Well, when one says 'humans', he doesn't mean each and every one, as you said. I mean, humans have a natural drive to reproduce. This does not mean there are not certain individuals lack that drive. Distinguish between humans the species and humans the individuals.

Here's that has a general overview of it.

[edit on 11-8-2004 by Esoterica]



posted on Nov, 8 2004 @ 02:20 AM
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Originally posted by daniel191159

During my senior year in high school I had a fascination with flight. I found a picture of a dragon and a small figurine that mirrored it in every way that was important. I calculated its mass, wing span, the surface area of its wings, running speed based on muscle and skeletal structure, drag due to surface area, and lift generated by running with wings outstreached. After about three months of research, checking, double checking and recalculating I determined that the particular specie I was studying could, in fact, glide had it existed. The lift it could generate was enough for it to carry approximately 50 lbs before it would not generate sufficient lift to become airborn.


You wouldn't happen to have any of those workings still would you? I'm quite intrieged


Some useful maths at Mathematical Power requirements for flight

Also I found:

"Flying

The key to wings is surface-volume ratio. Body mass and volume increase as the cube of size, so that an adult rabbit 10 times as long as a newborn will weight 10x10x10 or 1000 times as much. On the other hand, bone strength increases as the cross-sectional area of the bone, or as the square of size. Thus, an elephant 10 times as tall as a dog will have 1000 times the body mass, and need 1000 times as much bone strength. Its bones will have to be 31.6 times as big in diameter as the dogs (31.6 x 31.6 = 1000). Thus the elephants bones will be much thicker in proportion to their length than the dogs. Conversely, a mouse 1/10 as large as the dog has to support only 1/1000 as much mass and needs only 1/1000 as much bone strength, so mouse bones are much thinner than dog bones in proportion to their size. Bone proportion is why a snapping mousetrap is painful for a human but fatal for a mouse. A dog, a mouse, and an elephant all scaled to the same size would look quite different and it would be immediately obvious which is which.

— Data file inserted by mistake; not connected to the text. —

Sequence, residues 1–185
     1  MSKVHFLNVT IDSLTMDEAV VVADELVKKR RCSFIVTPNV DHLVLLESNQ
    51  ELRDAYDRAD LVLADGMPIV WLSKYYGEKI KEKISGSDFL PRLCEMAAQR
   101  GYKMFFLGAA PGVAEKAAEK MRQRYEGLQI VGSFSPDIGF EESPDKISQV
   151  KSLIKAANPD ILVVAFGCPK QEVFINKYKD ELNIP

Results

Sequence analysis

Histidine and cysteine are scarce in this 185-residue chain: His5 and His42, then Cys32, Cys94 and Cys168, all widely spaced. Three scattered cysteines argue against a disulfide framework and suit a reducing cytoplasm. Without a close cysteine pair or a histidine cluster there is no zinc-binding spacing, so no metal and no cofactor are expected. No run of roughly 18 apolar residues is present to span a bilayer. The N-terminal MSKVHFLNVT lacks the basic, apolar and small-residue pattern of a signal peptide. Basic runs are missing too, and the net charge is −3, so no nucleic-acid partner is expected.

If we apply these scaling laws to humans, an adult three times the size of a baby would weigh 3 x 3 x 3 = 27 times as much. A typical baby is about 55 cm (22 inches) long, an adult 165 cm (67 inches) tall. If the baby weighs 3 kg (6.6 pounds) we'd expect the adult to weigh 81 kg (178 pounds). That's a bit on the heavy side for a 165-cm human, because babies are chunkier than adults. That's partly why they're cute.

Now, air resistance is related to surface area and varies as the square of size. Objects falling through the air eventually reach a terminal velocity (for skydivers it is about 200 km/hr.) As organisms get smaller, their mass goes down as the cube of their size but air resistance as the square. Thus, a rat 1/10 as big as a human has 1/1000 the mass, but 1/100 the air resistance. In other words, in proportion to its size, a rat encounters ten times as much air resistance. Small organisms encounter such large air resistance that they can easily survive a fall that would kill a human.

Surface-volume ratio explains why flying birds cannot be very large. Mass goes up as the cube of size, but lift, which is related to wing area, goes up only as the square of size. So does bone strength to support the wings and muscle cross-section to power them. So a big bird compensates for its large body mass with larger wings, thicker bones, and thicker muscles, and a much greater tendency to glide. Big birds like condors with 4-meter wing spans are near the limit of size for birds, and they have far larger wing spans in proportion to their size than sparrows. During the Mesozoic there were flying reptiles with bigger wing spans. We have complete fossils of flying reptiles with 7-meter wing spans and partial fossils of creatures that may have had wing spans of 15 meters or more. Were not sure how much powered flight capability they had, or whether they were solely gliders, and the bodies that have been found are about the size of the largest flying birds today. They could surely not have carried off a human, as the flying reptiles of Jurassic Park III or Dinotopia did."